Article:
Natural Deck Resurrection

From rot decay to total renewal this deck is transformed

Wood species like cedar and redwood are beauties to behold and even in our tough Minnesota climate they hold up exceedingly well. However, there are limits as this homeowner discovered after more than 20 years of deck-life. Upon inspection we discovered not only were the deck boards showing decay, the framing and support posts also had issues. The original install at the four season porch level was also found to be done improperly, without proper flashing or clearance between decking and patio door sill and so there was considerable rot damage there as well. We repaired the connection between the 4 season porch and deck, the deck structure that was compromised, put down new cedar decking and we stained everything with Storm System Cat 2 semi-transparent cedar tone oil finish. The effect is dramatic, the look unique, and while low maintenance composites are trending, there is something to be said for going all natural.


Design/Build Consultant — Jeff Robinson

Photography — Alyssa Lee


View from corner of 4 season patio door while finish was drying. Note powder-coated aluminum spindles replaced original cedar.

Existing condition before work began. YIKES! Note replacement deck board signaling extent of dirt and pollen discoloring existing decking. Mom always said to wash behind your ears from time to time. Turns out the same is true for decks.—Mom was sooo smart!

After 3 days of drying it was safe to put the furniture back.



View from pool side of entire multi-tiered structure.

With the multitude of overhanging trees this deck will need to be power washed every other year to keep it looking good. Leaves that collect and are not removed, but remain over the winter will leave stain marks and degrade the appearance. Homeowners maybe surprised that even synthetic/composite materials also need to be washed every couple of years to keep them looking good. There is no such thing as 'MAINTENANCE FREE".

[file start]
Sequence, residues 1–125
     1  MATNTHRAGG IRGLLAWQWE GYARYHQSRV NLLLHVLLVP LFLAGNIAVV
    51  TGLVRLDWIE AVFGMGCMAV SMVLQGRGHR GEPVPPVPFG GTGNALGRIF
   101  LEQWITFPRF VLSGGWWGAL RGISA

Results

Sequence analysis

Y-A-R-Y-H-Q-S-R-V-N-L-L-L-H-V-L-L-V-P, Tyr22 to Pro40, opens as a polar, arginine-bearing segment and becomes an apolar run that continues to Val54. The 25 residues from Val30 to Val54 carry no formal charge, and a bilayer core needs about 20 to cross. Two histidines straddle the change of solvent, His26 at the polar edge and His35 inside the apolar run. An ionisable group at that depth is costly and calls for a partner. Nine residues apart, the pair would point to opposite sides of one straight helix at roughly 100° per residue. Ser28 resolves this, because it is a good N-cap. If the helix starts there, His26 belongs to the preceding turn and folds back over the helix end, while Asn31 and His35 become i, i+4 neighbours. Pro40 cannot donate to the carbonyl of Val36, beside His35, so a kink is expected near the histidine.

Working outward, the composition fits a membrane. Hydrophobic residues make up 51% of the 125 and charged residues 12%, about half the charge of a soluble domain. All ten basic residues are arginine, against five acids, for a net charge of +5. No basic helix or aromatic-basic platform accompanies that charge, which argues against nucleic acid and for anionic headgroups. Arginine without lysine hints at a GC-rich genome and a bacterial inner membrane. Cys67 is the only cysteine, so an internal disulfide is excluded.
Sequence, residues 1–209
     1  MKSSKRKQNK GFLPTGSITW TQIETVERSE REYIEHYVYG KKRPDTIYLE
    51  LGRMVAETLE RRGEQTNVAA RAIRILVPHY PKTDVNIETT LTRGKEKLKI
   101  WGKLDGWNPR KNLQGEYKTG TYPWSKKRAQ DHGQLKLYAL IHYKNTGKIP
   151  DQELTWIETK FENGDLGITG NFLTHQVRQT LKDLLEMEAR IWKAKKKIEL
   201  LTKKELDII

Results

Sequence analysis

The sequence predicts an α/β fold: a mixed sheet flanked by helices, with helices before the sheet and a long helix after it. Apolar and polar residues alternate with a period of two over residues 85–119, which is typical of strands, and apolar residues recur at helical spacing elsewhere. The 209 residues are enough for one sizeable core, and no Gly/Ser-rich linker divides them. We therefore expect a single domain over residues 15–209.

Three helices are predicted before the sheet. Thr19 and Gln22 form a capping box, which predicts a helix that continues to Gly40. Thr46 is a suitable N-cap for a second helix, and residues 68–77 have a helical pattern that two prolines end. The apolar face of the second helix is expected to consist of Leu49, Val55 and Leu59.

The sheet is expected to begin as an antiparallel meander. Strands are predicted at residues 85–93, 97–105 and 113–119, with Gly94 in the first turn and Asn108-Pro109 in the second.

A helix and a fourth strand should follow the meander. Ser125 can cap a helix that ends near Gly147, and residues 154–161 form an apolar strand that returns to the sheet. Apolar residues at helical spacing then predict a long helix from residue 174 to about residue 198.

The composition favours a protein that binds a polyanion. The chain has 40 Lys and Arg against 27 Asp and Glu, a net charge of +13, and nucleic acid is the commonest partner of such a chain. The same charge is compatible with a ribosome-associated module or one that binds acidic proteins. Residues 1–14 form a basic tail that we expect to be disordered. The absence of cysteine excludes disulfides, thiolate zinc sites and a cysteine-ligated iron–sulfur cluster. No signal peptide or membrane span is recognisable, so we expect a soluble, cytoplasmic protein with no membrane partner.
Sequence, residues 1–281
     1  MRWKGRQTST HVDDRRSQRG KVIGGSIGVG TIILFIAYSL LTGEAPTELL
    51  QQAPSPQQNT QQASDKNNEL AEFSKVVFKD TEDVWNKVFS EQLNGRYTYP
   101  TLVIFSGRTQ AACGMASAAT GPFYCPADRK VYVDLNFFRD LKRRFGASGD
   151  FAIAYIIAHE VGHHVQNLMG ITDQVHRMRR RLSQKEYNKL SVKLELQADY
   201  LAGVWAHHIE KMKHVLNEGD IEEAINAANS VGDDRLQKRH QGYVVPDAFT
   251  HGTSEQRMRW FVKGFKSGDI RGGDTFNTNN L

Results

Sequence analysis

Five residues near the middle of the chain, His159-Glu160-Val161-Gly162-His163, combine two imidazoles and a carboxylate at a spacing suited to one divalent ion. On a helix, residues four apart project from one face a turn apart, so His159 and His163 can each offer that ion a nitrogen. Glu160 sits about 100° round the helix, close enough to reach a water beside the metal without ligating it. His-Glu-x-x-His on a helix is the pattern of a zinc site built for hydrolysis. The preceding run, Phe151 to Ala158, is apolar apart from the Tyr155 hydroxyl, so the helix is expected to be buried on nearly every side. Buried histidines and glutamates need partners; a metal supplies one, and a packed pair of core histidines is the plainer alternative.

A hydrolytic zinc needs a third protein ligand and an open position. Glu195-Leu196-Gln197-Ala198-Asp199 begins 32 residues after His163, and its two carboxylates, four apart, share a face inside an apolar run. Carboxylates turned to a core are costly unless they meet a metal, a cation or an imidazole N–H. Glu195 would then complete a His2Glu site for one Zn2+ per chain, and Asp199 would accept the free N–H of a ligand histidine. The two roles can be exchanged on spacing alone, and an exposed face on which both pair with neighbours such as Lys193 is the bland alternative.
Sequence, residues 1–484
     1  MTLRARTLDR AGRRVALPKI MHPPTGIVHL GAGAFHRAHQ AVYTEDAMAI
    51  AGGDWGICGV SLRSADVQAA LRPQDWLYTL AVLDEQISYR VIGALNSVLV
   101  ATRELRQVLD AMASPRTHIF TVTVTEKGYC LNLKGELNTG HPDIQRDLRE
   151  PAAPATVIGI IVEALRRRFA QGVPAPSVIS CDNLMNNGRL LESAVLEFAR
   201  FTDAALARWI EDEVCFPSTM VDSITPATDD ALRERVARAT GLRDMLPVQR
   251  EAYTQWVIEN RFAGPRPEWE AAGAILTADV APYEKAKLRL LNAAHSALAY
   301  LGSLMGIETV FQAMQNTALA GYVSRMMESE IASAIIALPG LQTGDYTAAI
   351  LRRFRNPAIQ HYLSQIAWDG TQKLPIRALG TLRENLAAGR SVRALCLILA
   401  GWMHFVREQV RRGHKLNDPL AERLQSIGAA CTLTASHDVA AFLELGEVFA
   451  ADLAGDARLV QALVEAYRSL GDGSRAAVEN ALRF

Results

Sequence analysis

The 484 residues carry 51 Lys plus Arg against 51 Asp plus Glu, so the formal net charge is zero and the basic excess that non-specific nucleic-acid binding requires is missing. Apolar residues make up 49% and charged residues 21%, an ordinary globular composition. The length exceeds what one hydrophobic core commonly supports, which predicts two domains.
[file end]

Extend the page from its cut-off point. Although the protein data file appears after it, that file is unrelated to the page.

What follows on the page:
Above, water damage and rot is uncovered at the point where the deck meets the 4-season porch. Note support post rotted out from base exposed to moisture over decades. On the surface decks can look worn or even show signs of obvious decay, but until you uncover the foundation behind the surface you can't have any real idea about what's going on. This is why quoting pricing over the phone can be hazardous and unintentionally misleading.


Notice hand-crafted decorative detail on bannister and exceptionally close miter fit. That's craftsmanship!


What gives with the cracks on top of the end cap post? We get this from time to time when dealing the natural products into which good old mother nature imprints some kind of personal character trait like cracks and knots and grain—a quick look in the mirror illustrates the point. This is why people want natural wood in the first place —CHARACTER. Synthetic products are designed to mimic nature and do pretty well in most respects. But if you want perfection, don't ask for natural materials—you won't get it, unless of course you take the big picture view of the overall impact and then, well it just might reach perfection. We're big fans of the Grand Canyon. Just say'n.


Foreground existing deck after washing and brightening. transparent finish reflects the green light from overhead trees. Background, new decking.


Framed for respect of nature's existing footprint, we made allowances for future movement and growth of this 50-year-old oak tree.




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